I know I’m late to the game, but I’m finally reading Atul Gawande’s 2002 book Complications: A Surgeon’s Notes on an Imperfect Science. I’m about a quarter of the way through the book, and it’s obvious where much of the inspiration and the groundwork for his later book Checklist Manifesto came. Gawande dedicates a section to errors in medicine and – much like many who have come before and after him – points to other “high reliability industries” to show that errors occur but can be minimized. In 2019, we are still debating that central tenet in medicine, albeit there are few who disagree now than there were when Gawande wrote this book. Yet there are still people, physicians in particular, who point out that checklists, protocols, formulas, and equations cannot account for every possibility given how complex medicine and patients are. These same individuals will point to “intuition” and “the art of medicine” as the bedrocks of diagnosis and treatment. To those individuals, I steal a quote from Gawande,
Of course, patients are far more complicated and idiosyncratic than airplanes, and medicine isn’t a matter of delivering a fixed product or even a catalogue of products; it may well be more complex than just about any other field of human endeavor. Yet everything we’ve learned in the past two decades – from cognitive psychology, from ‘human factors’ engineering, from studies of disasters like Three Mile Island and Bhopal – has yielded the same insights: not only do human beings err, but they err frequently and in predictable, patterned ways. And systems that do not adjust for these realities can end up exacerbating rather than eliminating errors.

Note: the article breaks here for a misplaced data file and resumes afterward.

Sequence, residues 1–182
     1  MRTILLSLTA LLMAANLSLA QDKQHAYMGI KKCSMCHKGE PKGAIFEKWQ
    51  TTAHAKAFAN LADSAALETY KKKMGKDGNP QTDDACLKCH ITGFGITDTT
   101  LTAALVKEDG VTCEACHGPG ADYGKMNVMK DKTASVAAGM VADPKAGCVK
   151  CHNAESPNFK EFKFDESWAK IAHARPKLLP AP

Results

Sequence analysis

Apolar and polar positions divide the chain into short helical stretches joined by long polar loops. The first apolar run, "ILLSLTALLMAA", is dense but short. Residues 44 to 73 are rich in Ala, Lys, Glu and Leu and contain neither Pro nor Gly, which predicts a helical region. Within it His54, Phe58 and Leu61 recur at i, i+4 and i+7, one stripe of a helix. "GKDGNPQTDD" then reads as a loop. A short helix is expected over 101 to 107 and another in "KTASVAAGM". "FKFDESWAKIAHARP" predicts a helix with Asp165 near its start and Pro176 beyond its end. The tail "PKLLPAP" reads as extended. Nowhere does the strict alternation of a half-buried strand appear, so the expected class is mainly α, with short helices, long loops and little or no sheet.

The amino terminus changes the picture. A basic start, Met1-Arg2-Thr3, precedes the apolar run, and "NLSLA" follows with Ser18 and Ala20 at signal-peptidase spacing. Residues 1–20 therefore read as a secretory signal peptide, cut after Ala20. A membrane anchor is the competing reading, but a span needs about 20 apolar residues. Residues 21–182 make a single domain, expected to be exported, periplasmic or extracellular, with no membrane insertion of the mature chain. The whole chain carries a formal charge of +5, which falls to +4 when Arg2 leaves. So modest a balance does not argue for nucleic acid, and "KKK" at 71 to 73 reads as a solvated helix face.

Adverse medical events are believed to kill between 250,000 to 400,000 people each year, making it the 3rd leading cause of death in the United States. The real question then is, when can we finally put this debate to rest? When can we finally wrap our heads around the idea that there are far better and safer ways to deliver care than “intuition”?